What’s it about: Clayton Byrd loves nothing more than playing his blues harp with grandfather – Cool Papa Byrd. When Cool Papa Byrd passes suddenly Clayton struggles to adjust. He leaves home hoping to catch up with Cool Papa’s band of Bluesmen and finds an unexpected adventure on the way.

What made me pick it up: This is one of the finalists for this year’s National Book Award in Young People’s Literature – the winner will be announced tomorrow!

My favorite things: There’s a reason why Rita Williams-Garcia has won so many awards – she’s a masterful writer who never shies away from difficult topics. She takes a tale of love, loss, and grief and makes it thrilling but relatable. She weaves music throughout the story, making Clayton’s world come alive. No character is two dimensional, rather, she writes everyone as a full and complex person.

Who it’s great for:  Middle-grade readers looking for a story that treats black boys as real people and not as stereotypes. Fans of Williams-Garcia’s other work. Readers interested in the roles music can play in life.

Abby’s rating: five-shells

Find this in your local library or on Amazon (affiliate link).


The Goat by Anne Fleming


Originally published in: 2017

What’s it about: Kid and her parents leave Toronto to spend six months in New York City dogsitting for her father’s cousin while her mother performs in an off-broadway play. She befriends Will and the two of them confront their biggest fears to determinedly search for a goat rumored to bring seven years good luck to anyone who can spot him.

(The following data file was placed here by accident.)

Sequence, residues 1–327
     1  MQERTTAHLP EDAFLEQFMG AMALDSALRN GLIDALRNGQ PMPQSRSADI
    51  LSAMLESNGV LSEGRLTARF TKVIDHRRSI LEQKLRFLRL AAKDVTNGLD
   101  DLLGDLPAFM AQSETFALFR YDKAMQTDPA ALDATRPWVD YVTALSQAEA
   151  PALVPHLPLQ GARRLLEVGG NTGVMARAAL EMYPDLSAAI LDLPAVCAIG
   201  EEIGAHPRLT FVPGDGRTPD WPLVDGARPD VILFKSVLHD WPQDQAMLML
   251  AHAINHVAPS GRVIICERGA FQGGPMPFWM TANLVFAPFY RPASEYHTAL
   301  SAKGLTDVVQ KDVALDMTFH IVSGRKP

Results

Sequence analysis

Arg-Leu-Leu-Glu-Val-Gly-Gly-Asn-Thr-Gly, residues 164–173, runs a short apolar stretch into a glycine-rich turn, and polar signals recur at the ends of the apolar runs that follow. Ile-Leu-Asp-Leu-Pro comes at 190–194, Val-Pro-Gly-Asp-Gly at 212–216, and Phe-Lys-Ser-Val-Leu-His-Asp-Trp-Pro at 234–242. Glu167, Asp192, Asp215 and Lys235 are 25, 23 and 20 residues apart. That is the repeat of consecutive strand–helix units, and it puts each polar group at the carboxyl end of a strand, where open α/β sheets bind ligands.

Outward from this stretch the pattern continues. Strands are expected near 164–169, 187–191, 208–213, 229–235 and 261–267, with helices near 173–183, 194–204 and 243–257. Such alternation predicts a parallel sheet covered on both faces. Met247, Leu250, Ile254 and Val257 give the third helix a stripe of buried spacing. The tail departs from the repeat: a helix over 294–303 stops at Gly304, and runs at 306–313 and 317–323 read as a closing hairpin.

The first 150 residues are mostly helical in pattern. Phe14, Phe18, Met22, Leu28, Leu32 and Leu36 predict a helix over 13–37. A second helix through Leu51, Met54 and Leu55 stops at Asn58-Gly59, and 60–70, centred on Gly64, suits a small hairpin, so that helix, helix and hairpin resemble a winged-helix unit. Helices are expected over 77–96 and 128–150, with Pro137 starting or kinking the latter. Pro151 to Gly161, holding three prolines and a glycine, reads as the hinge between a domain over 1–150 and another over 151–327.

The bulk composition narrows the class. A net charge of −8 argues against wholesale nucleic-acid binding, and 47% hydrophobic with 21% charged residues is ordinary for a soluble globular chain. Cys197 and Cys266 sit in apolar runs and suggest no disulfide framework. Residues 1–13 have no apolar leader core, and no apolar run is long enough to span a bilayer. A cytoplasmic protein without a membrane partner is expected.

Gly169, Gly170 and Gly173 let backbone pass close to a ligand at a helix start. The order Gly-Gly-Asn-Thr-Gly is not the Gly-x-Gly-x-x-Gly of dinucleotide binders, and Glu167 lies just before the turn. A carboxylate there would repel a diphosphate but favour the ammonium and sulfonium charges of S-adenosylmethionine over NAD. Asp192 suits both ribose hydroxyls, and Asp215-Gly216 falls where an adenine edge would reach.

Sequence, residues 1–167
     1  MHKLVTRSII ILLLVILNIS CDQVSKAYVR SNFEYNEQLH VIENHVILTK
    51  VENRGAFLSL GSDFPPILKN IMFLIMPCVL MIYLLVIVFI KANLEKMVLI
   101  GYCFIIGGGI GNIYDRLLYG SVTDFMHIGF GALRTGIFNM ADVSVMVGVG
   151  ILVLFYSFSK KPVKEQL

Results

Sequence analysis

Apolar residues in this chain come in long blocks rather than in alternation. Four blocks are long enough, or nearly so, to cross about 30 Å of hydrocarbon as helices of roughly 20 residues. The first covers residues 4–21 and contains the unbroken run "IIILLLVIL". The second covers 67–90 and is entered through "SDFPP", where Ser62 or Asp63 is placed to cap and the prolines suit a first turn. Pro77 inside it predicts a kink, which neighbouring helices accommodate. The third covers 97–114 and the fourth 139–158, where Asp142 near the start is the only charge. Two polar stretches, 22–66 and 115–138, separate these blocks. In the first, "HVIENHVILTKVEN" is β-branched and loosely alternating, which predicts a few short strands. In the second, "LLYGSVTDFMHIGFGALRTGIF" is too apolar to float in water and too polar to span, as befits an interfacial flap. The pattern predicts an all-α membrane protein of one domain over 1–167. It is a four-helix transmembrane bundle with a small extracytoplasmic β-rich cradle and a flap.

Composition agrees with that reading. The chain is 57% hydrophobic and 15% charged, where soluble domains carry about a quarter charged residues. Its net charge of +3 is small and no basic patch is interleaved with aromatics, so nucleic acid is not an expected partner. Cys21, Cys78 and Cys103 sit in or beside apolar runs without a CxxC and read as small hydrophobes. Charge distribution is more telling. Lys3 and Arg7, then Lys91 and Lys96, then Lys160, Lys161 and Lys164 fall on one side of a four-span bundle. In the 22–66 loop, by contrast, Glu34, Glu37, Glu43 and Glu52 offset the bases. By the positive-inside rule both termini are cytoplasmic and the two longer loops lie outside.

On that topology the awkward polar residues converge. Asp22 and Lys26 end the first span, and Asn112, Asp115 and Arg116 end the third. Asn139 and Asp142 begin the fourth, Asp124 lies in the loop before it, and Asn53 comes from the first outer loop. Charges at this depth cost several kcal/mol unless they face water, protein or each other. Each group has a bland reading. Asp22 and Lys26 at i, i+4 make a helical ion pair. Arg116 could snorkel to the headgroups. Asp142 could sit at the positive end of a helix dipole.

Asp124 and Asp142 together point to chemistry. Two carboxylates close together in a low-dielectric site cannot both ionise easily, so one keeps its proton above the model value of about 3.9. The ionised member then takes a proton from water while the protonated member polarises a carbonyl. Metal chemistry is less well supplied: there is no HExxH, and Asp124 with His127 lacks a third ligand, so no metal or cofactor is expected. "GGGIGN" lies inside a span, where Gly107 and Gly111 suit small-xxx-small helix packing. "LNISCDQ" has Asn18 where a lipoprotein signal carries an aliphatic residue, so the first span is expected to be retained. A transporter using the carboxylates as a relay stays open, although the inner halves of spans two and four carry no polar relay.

What made me pick it up: This was recommended by a colleague whose current ambition is to convince as many people as possible to read this book.

My favorite things: Fleming does a great job of introducing a variety of obstacles that characters face in daily life- in the form of disability, mental and physical illness, and loss – without sensationalizing them at all. Rather, each character’s experience of difference is matter-of-fact and something to be taken in stride rather than agonized over throughout the book. It’s a fun, quirky story that many readers will find both outrageous and relatable.

Who it’s great for: Middle-grade readers who like a quirky adventure. Fans of E.L. Konigsburg.

Abby’s rating: four-shells

Find this in your local library or on Amazon (affiliate link).